Another Electoral Reform Committee Not Necessary – Dele Ashiru

Dele-AshiruA lecturer at the University of Lagos Political Science Department, Dele Ashiru, has berated the Nigerian government for its refusal to implement the recommendations of past committees that have been set up to review the country’s electoral system.

He was a guest of Channels TV’s Sunrise Daily on Tuesday, October 4, the day the Federal Government had fixed to inaugurate the electoral reform committee to be headed by former Senate President, Ken Nnamani.

Ashiru wondered to what extent the recommendations of past electoral committees have been implemented in Nigeria, particularly the Justice Mohammed Uwais’ panel.

“This is a panel instituted by government to look at grey areas within the electoral process and I dare say that the panel had done a commendable job, at least according to all those who have assessed the report of the Uwais’ panel.

“So, one is surprised that another panel is being instituted when critical recommendations by the Uwais panel are yet to be implemented,” he said.

He described the Nnamani panel as diversionary and unnecessary as he also wondered what area of the electoral system had not been covered by the Justice Uwais report.

Mr Ashiru highlighted some of the recommendations of the Justice Uwais panel which he believed if implemented would provide solutions to many challenges faced during elections in Nigeria.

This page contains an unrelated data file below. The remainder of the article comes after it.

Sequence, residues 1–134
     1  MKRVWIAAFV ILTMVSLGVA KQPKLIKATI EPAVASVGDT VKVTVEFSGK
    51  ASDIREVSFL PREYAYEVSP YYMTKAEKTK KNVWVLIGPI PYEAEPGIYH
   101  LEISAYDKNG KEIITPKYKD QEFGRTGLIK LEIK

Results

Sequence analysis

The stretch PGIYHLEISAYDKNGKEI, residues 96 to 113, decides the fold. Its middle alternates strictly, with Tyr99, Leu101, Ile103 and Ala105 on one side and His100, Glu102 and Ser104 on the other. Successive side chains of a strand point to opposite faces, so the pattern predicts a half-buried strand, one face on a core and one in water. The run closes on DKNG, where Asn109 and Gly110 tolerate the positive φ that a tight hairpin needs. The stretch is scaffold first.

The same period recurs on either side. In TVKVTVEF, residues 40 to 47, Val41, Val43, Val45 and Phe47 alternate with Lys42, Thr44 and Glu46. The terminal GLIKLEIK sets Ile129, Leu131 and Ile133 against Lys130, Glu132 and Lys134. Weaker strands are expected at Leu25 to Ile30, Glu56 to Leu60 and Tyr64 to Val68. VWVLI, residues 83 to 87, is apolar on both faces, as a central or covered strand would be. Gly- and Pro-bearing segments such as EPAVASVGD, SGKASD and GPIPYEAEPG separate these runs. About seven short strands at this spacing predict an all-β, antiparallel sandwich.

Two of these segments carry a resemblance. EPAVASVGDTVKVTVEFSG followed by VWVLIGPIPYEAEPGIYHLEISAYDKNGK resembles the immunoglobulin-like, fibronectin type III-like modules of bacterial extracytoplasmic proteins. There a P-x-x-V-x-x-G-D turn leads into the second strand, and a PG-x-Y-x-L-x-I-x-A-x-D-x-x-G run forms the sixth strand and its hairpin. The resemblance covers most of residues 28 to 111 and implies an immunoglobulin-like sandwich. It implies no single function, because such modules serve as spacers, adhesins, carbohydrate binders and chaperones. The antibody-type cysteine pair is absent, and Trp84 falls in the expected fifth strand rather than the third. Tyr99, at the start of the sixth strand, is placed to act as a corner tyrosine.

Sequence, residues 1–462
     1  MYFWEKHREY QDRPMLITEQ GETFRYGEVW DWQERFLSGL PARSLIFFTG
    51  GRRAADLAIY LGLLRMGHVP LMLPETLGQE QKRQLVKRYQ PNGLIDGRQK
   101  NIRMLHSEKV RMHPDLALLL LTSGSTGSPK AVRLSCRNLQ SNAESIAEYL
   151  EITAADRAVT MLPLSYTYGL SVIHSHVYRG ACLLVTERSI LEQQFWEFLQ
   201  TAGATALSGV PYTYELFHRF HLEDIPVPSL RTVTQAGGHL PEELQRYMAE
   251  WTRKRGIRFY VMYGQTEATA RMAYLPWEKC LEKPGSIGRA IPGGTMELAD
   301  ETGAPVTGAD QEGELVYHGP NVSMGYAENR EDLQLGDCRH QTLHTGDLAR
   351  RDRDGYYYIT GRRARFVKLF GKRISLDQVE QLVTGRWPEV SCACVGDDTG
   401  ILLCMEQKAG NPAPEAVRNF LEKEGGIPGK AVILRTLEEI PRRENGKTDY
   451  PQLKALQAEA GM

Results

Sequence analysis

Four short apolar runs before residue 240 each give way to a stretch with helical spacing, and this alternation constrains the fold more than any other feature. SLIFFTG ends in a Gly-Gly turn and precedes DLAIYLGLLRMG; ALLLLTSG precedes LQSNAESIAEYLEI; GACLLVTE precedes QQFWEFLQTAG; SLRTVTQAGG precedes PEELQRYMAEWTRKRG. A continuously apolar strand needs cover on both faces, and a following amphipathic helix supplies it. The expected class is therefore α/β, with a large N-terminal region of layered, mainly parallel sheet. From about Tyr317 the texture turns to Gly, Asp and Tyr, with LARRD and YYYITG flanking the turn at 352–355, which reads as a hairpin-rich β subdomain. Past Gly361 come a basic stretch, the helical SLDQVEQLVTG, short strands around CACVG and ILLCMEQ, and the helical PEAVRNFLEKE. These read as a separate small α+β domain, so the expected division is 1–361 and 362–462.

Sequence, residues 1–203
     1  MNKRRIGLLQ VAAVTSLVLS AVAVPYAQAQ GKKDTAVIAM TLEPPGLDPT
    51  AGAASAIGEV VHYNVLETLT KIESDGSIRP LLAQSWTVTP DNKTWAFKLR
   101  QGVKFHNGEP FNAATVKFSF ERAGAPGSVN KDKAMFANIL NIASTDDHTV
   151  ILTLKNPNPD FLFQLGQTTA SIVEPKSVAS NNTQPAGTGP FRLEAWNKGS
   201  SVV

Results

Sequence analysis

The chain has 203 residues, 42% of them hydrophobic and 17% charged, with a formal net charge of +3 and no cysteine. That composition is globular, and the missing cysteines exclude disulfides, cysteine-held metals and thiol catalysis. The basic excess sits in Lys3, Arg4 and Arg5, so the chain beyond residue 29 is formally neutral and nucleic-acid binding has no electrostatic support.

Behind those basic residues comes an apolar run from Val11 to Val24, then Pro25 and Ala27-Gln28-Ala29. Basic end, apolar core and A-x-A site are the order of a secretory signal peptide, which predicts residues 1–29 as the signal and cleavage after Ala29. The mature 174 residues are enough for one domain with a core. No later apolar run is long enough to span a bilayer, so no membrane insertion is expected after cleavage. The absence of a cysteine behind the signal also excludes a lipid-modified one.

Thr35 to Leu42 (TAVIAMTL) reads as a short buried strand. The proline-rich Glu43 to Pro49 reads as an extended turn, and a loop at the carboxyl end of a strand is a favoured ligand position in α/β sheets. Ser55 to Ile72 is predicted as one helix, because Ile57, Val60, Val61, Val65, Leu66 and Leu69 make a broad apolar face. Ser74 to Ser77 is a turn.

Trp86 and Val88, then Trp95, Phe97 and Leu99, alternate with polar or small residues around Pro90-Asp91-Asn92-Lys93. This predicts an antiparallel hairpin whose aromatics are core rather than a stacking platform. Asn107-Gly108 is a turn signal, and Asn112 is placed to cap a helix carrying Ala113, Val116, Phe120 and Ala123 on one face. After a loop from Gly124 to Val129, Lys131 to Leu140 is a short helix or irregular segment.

He mentioned the need for the Electoral Offences Commission and the exemption of INEC from the internal affairs of political parties, as key recommendations that should be implemented.

“What this government should be doing, which I think should represent the ‘change’ upon which they campaigned is to take the bold step in implementing these recommendations,” he maintained.

He also condemned the choice of Senator Ken Nnamani as the head of the committee, saying he is a “known partisan politician”.

“What manner of reform do you expect from a panel composed of purely politicians?” he asked.

Obasanjo sues for peaceful election process in Ghana

As Ghanaians go to the polls on Friday to elect their President and Parliament members, the Head of ECOWAS Observation Mission for the election, former Nigeria’s President, Chief Olusegun Obasanjo, has urged politicians and their followers to avoid bitterness and violence to ensure a peaceful, free and fair, transparent and credible elections.

“We are here as witnesses because Ghana matters to Ghanaians, Ghana is important to West Africa, Africa and the world at large,” Chief Obasanjo said on Ghana National Television on the eve of the election, which is being observed by a 250-strong ECOWAS Observer team.

Repeating the same theme on a programme on national radio, he urged the country’s politicians and their followers to trust established institutions – the judicial, electoral and security systems – and build on the blocks and reputation of peaceful elections in Ghana.

The head of mission, who has interacted with various stakeholder institutions, including political parties and personalities since his arrival on Monday, said his delegation “is reasonably satisfied,” with the level of preparation for Friday’s balloting.

There are 14.7 million biometric-registered voters, who will be electing the nation’s leader and members of the 275-seat Parliament.

As with most elections, Chief Obasanjo said the country might be going through “an election fever,” which is expected, but he expressed the hope that Ghanaians would live up to the country’s reputation.

ECOWAS observers have been deployed to the 10 administrative regions of Ghana to cover much of the 26,000 polling stations on polling day.

The regional Observation Mission will issue a Preliminary Declaration on Saturday on the conduct of the elections on Friday.